[This review was published in the April 1990 issue of Universitas, the national publication of University Professors for Academic Order, p. 2.] 

 

Book Review

 

Modern Day Don Quixote… or Upholder of True Science? 

Whetsel Challenges Quantum Theory

 

By Dwight D. Murphey

 

            Not long after I became editor of Universitas a year ago, I received a book in the mail, Modern Theoretical Physics: Did Orwell See It Coming?, by a certain Howard Whetsel, a chemist in Oak Ridge, Tennessee.  The book is a stinging criticism of “the mind-twisting power of post-1927 theoretical physics—Statistical Quantum Mechanics and Heisenberg’s Uncertainty Principle.”

            Whetsel’s criticism is, in effect, threefold: (a) that quantum theory adopts an opposition to causality, repudiating a basic premise of science; (b) that it unnecessarily mathematizes physics, “suggesting erroneously that abstract mathematics and highly imaginative geometry” can replace a strictly causal, reality-oriented approach to understanding nature; and (c) that, since ideas in the physical sciences affect society’s worldview, the repudiation of causality is socially and culturally damaging.  A cosmology teaching that we live in a random-action universe encourages the development of random-action personalities and societies.  Hence Whetsel’s reference to Orwell in the title.

            I probably should have returned the book with a note saying I don’t know anything about quantum mechanics and hence can’t judge the book’s thesis.  Instead, I have chosen to take the book seriously—maybe because I am so used to doubting the premises of prevailing opinion that I’m not shocked when somebody does it in physics.  Or maybe because I see a possible analogy between Heisenberg’s acausality and John Watson’s goofy behaviorism that denies the existence of human consciousness.  Could it be that quantum mechanics, like behaviorism, has tended to absolutize a methodology, claiming an exclusive validity that leads it to deny important avenues to truth?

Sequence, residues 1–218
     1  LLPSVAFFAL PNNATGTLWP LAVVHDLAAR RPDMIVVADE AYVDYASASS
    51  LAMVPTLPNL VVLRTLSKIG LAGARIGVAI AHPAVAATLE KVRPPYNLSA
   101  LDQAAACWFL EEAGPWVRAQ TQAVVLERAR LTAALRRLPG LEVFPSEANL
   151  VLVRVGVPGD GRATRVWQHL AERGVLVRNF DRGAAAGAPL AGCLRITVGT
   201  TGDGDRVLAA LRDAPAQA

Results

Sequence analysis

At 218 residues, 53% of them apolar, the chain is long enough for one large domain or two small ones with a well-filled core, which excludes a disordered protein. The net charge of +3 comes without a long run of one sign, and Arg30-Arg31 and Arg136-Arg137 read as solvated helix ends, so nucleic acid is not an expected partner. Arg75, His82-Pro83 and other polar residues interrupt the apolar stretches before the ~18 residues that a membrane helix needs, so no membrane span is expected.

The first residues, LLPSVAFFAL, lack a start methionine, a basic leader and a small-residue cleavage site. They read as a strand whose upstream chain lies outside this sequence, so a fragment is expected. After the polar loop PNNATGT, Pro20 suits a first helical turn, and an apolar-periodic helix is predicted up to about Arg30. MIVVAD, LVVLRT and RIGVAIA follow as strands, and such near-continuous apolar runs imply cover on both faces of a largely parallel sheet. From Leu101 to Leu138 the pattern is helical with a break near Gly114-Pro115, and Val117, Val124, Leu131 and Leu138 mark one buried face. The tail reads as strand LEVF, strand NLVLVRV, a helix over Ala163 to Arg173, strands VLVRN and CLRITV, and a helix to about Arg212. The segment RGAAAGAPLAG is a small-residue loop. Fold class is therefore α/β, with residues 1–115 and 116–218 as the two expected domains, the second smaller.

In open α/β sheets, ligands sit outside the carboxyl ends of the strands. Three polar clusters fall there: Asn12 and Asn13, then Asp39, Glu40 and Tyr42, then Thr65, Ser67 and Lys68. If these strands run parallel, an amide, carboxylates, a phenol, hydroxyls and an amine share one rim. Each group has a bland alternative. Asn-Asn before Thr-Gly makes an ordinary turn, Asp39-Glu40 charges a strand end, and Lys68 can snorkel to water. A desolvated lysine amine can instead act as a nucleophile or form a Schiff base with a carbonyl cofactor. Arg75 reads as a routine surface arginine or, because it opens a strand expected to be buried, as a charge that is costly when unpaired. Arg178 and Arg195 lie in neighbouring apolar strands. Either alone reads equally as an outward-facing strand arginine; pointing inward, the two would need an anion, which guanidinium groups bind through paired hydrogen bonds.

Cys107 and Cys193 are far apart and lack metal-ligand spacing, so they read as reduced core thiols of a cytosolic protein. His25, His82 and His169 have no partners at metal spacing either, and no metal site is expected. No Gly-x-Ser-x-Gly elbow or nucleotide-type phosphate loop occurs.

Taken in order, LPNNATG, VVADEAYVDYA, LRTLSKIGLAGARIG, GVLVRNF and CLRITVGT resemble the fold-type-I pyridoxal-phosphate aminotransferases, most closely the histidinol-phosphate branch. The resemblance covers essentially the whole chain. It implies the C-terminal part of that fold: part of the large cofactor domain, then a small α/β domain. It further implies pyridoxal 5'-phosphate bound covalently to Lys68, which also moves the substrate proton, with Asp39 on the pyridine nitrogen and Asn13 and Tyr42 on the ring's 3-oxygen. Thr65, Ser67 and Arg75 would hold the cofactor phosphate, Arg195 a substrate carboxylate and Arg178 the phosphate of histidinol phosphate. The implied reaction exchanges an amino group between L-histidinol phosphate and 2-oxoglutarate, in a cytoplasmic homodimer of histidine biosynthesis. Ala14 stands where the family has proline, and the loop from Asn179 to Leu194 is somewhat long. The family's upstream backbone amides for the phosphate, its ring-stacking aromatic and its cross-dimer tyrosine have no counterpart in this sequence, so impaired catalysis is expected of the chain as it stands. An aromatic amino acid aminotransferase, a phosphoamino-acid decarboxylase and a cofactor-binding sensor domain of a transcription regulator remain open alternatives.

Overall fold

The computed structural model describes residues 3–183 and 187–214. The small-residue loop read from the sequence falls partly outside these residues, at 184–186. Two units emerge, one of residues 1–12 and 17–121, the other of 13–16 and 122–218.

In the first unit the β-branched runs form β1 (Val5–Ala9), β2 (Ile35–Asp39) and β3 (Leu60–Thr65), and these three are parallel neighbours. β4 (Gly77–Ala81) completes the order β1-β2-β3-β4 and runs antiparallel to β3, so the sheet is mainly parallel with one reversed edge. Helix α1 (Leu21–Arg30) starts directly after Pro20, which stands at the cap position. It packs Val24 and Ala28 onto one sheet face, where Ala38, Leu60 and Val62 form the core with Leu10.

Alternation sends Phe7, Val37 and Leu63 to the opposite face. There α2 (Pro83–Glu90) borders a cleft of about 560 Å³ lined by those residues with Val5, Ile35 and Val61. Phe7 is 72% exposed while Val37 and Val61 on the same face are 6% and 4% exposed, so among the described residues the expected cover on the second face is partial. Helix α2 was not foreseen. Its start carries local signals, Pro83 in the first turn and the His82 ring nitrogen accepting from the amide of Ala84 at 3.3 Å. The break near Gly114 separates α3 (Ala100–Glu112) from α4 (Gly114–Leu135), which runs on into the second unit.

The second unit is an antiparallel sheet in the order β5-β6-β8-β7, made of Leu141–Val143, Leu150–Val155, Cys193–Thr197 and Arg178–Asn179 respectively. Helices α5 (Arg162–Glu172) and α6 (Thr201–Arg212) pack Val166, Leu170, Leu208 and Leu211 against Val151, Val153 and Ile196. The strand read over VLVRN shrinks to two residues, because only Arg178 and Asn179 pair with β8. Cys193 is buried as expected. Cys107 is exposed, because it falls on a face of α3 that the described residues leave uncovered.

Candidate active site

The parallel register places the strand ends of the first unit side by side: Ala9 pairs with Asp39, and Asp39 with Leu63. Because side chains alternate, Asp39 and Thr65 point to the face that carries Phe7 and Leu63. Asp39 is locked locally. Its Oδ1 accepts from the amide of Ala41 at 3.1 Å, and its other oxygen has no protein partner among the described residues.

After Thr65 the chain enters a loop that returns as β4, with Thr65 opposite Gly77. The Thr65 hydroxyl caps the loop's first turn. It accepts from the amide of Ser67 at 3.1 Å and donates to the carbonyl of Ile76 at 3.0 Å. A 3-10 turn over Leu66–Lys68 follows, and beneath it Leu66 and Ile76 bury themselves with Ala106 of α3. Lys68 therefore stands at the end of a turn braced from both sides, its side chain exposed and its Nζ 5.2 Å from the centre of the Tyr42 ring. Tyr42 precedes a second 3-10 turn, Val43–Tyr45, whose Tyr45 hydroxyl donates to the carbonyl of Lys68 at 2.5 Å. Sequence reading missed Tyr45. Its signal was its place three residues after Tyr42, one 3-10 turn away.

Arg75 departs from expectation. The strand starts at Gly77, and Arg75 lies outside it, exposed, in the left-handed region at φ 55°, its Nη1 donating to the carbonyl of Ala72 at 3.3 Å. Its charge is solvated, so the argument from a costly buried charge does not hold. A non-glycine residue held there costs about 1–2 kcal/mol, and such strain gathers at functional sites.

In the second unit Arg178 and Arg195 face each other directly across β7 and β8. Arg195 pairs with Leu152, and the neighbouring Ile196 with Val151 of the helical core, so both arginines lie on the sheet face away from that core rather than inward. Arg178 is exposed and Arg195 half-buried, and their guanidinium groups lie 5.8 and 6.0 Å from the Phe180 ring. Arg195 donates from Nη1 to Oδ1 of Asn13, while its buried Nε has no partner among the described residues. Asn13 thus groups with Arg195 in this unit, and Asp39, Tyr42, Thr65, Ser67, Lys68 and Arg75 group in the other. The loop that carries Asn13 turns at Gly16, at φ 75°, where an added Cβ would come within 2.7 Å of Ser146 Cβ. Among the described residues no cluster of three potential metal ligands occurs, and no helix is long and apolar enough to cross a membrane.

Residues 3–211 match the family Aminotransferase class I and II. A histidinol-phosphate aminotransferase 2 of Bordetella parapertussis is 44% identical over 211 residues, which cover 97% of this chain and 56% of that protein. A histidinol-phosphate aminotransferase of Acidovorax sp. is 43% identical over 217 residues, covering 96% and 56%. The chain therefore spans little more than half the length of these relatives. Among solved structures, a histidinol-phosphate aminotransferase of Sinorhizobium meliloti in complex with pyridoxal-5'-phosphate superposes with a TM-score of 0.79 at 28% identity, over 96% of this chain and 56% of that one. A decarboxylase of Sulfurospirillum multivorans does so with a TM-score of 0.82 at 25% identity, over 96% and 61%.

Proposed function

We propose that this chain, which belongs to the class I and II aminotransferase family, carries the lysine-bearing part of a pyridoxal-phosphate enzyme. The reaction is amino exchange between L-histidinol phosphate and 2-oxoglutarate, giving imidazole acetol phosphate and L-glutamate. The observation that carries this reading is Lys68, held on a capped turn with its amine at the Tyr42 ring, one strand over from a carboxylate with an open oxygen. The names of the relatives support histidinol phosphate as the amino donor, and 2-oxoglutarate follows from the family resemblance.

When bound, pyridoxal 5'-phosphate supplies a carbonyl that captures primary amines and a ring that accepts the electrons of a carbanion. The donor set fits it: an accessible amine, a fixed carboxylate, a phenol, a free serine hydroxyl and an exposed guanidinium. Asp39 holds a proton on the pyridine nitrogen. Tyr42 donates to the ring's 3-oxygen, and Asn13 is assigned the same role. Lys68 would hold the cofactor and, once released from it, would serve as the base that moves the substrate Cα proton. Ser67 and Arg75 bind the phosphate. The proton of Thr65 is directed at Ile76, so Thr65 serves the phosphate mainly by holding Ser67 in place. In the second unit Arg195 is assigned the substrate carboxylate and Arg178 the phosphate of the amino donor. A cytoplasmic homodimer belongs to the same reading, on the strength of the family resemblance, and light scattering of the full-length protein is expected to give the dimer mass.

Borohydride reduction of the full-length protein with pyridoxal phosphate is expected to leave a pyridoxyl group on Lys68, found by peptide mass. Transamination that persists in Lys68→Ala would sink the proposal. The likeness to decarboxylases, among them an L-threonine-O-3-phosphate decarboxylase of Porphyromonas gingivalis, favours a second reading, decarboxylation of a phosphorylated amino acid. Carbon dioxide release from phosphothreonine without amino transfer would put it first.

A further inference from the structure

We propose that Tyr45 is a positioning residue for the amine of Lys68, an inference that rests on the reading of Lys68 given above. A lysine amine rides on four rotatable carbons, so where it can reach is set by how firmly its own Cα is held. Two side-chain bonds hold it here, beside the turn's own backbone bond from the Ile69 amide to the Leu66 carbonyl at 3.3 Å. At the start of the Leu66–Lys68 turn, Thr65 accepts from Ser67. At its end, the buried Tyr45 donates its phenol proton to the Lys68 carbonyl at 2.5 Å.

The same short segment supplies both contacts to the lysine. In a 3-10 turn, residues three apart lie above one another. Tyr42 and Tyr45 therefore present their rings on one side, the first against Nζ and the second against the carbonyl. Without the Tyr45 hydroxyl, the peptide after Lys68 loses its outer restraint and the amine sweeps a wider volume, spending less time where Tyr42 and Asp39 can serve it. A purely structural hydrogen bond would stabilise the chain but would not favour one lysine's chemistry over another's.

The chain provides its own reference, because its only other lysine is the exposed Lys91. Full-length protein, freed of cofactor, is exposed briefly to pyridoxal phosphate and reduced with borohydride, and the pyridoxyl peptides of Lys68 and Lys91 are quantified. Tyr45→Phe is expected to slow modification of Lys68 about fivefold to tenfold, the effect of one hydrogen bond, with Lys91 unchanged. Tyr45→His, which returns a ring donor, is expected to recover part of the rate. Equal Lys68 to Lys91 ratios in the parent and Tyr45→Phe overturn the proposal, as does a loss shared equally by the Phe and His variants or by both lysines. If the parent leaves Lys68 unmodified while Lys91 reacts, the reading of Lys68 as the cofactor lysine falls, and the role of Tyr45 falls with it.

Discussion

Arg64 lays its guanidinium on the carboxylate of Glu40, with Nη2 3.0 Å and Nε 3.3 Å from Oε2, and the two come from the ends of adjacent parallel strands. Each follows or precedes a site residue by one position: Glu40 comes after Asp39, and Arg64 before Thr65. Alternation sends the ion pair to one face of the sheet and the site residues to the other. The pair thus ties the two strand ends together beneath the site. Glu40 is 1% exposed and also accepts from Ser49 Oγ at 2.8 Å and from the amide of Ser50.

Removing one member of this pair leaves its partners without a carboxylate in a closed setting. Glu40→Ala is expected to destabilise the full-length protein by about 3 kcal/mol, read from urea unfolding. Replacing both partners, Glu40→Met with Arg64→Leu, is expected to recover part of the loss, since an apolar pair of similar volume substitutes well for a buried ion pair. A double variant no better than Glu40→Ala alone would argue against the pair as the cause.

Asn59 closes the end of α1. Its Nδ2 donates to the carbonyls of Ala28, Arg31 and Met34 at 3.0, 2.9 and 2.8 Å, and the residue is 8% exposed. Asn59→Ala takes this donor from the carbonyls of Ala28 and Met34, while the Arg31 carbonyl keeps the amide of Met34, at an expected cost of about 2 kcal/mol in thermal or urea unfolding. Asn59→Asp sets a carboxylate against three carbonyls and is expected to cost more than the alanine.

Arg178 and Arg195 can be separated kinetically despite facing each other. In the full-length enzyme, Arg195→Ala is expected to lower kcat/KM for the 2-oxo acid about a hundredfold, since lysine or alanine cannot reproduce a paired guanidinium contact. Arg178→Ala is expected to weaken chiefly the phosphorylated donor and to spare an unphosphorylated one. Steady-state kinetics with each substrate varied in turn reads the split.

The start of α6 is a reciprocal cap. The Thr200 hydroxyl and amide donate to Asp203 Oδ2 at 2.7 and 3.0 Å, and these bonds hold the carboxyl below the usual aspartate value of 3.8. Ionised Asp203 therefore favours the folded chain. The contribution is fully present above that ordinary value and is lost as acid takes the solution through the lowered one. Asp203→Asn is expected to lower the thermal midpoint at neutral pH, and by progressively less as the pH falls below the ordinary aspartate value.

Intrigued by the book’s thesis, I sent the book to two physicists who were graciously willing to review it: Dr. H. Kent Moore of James Madison University, and UPAO’s own Bob Clack, now emeritus at Kansas State University.

            Moore reported that “my main impressions of the author’s ideas are largely negative… I am led to the conclusion that Mr. Whetsel has, at best, only a superficial grasp of what quantum physics is about.  Also, I am suspicious of his seeming obsession with an imagined cabal of Germans led by Werner Heisenberg who, he believes, set out in the 1920’s to impose a world-as-irrational philosophy on the rest of us.”

            Dr. Moore defended quantum mechanics “as a means of accounting for a number of experimental observations that classical theory could not explain.”  He says that Whetsel’s argument that independent theorists see little value in the theory “ignores a long list of scientific and technological developments of this century which are undergirded by quantum theory.”

            Bob Clack’s critique is similar.  He argues that “Whetsel’s assertions to the contrary, the random, or acausal, nature of atoms is abundantly demonstrated in the radioactive decay of unstable nuclides… It can be strongly inferred in certain weather phenomena, sports events and behavior in the stock market.”  Clack says that, whatever may be said about the origins of the theory, “The stature of modern physics rests upon its utility and its predictive power.  Both of these features are substantial and, so far as known to this reviewer, unmatched by any alternative perspective.”

            It isn’t my intent to draw these friends into a protracted debate.  But intelligent letters keep arriving from Whetsel, now a UPAO member, providing what sounds like plausible rebuttal.  Most recently, he notes that both nuclear fission and “cold” nuclear fusion were discovered by chemists—not by physicists, in whose domain they belong.

            Having solicited Moore and Clack’s good-faith opinions, I probably should accept them and consider the matter resolved.  Neither of them, however, would object, I imagine, to our saying to Whetsel: “Welcome to UPAO.  You may or may not be right, but you’re among friends.”